As the workforce becomes broader and more diversified, recruiters need to cast a wider net and need sharper tools to find the needle in the haystack. We have to go outside of general recruiting channels that are flooded with very active candidates, and focus on the passive candidates. Most of them are not looking to change jobs and are successful in their current role.
3. “A recruiting company should be viewed as a business partner, someone who is critical to the success of the business.” Mathew Caldwell
You need two hands if you want to clap! The recruiting process should be viewed as a partnership where you get to know each other, you focus on everybody benefiting from it, and create long-term relationships. When that happens, a recruiting partner will boost your ability to reach the best talent faster and will make any cost associated with it easily justifiable.
4. “Trust your recruiters to be your digital warriors. Don’t second guess them.” Celinda Appleby
Recruiters, first of all, listen to your needs. You have to share the context of the role, the job description, the organization’s vision, values, and objectives. That will help them have a holistic view of the candidate that could be a perfect match. Achieving that at the forefront of the recruiting process will set it up for success, and clarify expectations.
5. “The more seriously you take your growth, the more seriously your people will take you.” John Maxwell
Employees are motivated by leaders, and if leaders see beyond the title and job description, so will the employees. If your employees understand your vision, the big picture, and know their part, they will be willing and capable of contributing exponentially to the company’s goals.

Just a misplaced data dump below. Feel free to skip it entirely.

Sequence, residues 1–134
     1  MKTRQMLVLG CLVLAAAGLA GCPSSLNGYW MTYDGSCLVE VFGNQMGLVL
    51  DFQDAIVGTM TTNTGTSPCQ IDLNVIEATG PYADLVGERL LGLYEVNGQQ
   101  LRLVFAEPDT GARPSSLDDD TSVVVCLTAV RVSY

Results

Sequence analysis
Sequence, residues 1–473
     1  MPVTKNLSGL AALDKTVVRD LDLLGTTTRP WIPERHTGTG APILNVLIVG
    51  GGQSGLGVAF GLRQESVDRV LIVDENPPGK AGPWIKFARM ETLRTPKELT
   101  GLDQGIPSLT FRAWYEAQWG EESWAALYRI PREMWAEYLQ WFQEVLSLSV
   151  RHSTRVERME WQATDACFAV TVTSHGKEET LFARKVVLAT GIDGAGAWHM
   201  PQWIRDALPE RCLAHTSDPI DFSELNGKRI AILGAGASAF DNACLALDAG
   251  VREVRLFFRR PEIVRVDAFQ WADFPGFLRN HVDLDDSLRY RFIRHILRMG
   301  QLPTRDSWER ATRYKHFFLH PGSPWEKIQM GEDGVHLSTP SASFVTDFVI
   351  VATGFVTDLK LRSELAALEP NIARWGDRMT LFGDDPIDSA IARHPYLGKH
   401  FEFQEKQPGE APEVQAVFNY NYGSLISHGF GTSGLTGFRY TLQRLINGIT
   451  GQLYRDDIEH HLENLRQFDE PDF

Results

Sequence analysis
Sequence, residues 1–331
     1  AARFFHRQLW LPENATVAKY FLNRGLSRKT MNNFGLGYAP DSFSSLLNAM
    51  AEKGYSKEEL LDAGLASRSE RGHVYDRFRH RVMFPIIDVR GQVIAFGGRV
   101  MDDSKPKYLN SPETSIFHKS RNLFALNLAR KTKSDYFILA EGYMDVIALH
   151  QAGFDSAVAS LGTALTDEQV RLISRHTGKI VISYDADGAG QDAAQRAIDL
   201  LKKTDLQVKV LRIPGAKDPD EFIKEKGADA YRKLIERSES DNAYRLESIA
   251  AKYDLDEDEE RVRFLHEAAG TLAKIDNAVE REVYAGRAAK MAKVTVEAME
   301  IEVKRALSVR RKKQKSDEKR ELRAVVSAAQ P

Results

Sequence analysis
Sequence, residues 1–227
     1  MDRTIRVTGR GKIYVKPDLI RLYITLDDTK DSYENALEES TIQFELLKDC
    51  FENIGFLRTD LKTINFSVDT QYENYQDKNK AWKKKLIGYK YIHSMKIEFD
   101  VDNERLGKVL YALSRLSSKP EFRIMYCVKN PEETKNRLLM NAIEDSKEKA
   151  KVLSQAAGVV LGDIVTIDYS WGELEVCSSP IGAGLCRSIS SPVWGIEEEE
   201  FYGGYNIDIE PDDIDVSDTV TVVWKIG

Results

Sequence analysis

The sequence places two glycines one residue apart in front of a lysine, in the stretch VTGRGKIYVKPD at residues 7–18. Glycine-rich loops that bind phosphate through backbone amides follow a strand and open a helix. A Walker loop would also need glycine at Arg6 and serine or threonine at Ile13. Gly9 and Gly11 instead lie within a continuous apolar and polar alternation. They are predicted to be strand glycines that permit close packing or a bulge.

6. “Hire for passion and intensity; there is training for everything else.” Nolan Bushnell
What do you need to know about your future employees? Skills and experience are important but should only come second to their attitude. That’s what you need to consider first in the hiring process.
For instance, when you review their resume, it’s quite easy to follow tangible outcomes, results, and facts. However, what matters is “HOW” they worked towards those results. Was it because of their dedication to client satisfaction? Was it because of their positive attitude despite challenges in the process? Was it because they proactively thought of potential drawbacks? Answers to questions like these will show you the true attitude of the person beyond the resume, and help you understand whether you need to hire them or not.
7. “Accept the fact that AI will change our work, but look at it as an enabler of your work and the future of talent acquisition.” Przemek Berendt
According to a Deloitte Bersin report, companies that use AI, predictive data analytics and other technology tools are more successful than those who don’t. However, AI needs to be a tool that complements our own abilities. In talent acquisition, AI is especially helpful in making sense of large volumes of applications, effective usage of time in reviewing the required skills and clarity of one’s experience in their resume. Naturally, there are still parts of the recruiting process which are inherently still most effective when handled by human resources. For instance, the interviewing process will allow the recruiter to get to know a candidate based on their nonverbal communication, which is estimated to account for up to 93% of all communication.